Son's Coming of Age & Father's Role
"Any man can be a Father but it takes someone special to be a dad" (Anne Geddes). There are many "boys" who become fathers these days. These "boys" have children and are unprepared to take care of them and provide them with what they need to grow and mature. As children grow up and reach a coming of age, they start to doubt and grow tired of their fathers. If nothing is done, children will start to drift away from their fathers and disown them. When a son's coming of age approaches, a significant event must occur. This event will teach the son that they should look up to their fathers and trust them. This is seen in the short story "Powder", by Tobias Wolff, and the "Parable of the Prodigal Son".
In each story, "Powder" and "The Prodigal Son", the sons did not like their father. In Powder, the father's son is starting to dislike him. You can tell this from the lines "“Buck up,” he said. “I’ll get you there. Right, doctor?” I was supposed to say, “Right, doctor,” but I didn’t say anything." (Wolff 1). This line shows the father is trying to rekindle their relationship by playing their old games. The son either has grown out of this phase of his life or has gotten tired of this old game. This could show that as sons get older, they start to outgrow their fathers. This is also shown in "Parable of the Prodigal Son". In the Parable, the younger son told his father to give him his inheritance now. This meant that the younger son wanted his father dead now so he could inherit all that he could. This could mean that when sons reach a certain age, they start to not listen to or care less about their fathers.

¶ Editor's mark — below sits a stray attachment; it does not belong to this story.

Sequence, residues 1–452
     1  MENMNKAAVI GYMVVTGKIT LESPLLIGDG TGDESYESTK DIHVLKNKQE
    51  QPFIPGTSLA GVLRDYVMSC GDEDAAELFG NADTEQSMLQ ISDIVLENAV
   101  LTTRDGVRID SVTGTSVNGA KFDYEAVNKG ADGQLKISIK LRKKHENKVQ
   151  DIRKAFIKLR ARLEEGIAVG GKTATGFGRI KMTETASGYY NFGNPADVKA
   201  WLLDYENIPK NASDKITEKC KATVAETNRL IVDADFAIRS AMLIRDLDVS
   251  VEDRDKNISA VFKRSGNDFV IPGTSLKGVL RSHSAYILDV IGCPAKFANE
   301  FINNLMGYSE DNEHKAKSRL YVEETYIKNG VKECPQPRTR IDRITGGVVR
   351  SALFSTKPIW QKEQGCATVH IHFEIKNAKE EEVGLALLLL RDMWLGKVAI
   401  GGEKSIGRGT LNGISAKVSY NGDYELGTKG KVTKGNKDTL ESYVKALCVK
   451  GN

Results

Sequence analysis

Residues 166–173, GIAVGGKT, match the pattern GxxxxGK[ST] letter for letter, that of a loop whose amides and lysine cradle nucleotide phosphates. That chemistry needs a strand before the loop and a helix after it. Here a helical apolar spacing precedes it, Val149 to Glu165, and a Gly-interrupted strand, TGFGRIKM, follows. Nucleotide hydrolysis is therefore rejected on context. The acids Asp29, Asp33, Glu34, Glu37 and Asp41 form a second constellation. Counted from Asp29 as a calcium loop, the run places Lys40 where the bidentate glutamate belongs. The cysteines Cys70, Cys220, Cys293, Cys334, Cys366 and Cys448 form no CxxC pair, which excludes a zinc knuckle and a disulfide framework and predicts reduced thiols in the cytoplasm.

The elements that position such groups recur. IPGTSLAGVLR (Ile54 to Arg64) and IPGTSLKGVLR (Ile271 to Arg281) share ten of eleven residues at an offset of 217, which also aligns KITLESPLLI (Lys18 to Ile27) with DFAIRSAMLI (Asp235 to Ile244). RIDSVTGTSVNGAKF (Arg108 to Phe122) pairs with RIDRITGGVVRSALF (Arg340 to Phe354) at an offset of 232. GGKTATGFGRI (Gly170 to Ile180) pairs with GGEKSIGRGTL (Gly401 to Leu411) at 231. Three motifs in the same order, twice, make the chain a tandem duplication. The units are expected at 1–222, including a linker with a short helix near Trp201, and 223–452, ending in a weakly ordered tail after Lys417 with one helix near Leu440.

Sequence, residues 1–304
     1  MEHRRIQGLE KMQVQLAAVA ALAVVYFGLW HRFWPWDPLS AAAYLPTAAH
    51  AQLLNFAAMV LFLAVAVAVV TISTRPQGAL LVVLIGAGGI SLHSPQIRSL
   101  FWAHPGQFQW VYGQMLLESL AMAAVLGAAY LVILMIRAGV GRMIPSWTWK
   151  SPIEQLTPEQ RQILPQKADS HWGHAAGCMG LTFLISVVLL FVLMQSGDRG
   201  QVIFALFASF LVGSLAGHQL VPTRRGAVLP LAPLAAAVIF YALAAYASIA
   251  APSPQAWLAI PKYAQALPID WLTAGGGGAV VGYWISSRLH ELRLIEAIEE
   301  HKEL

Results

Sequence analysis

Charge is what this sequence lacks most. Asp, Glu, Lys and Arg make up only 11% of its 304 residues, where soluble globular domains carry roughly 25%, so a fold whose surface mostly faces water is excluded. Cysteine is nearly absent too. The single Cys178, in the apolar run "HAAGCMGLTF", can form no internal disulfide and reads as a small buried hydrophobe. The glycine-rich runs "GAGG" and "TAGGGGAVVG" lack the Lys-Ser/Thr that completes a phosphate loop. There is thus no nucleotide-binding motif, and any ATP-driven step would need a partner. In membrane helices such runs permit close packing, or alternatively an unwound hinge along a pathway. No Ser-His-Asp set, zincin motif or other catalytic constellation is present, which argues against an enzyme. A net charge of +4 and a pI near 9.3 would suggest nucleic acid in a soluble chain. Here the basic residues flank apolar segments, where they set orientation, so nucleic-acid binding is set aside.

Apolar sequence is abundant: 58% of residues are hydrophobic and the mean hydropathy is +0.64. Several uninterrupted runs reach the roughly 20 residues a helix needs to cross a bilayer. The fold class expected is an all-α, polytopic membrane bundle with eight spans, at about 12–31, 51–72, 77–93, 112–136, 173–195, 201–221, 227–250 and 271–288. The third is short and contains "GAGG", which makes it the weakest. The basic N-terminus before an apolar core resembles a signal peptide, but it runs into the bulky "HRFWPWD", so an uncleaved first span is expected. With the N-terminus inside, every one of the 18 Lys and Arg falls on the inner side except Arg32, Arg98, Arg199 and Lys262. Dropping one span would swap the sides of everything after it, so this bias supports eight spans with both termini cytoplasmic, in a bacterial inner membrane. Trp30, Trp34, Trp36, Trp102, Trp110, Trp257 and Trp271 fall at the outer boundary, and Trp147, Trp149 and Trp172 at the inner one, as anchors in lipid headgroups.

In the moment when a son is starting to distrust or hate their father, a significant event must occur within the son's life. In the "Parable of the Prodigal Son", the father decided to allow his son take his wealth and go out to the world. Maybe the father knew this would teach the son a lesson that he needed. Another...
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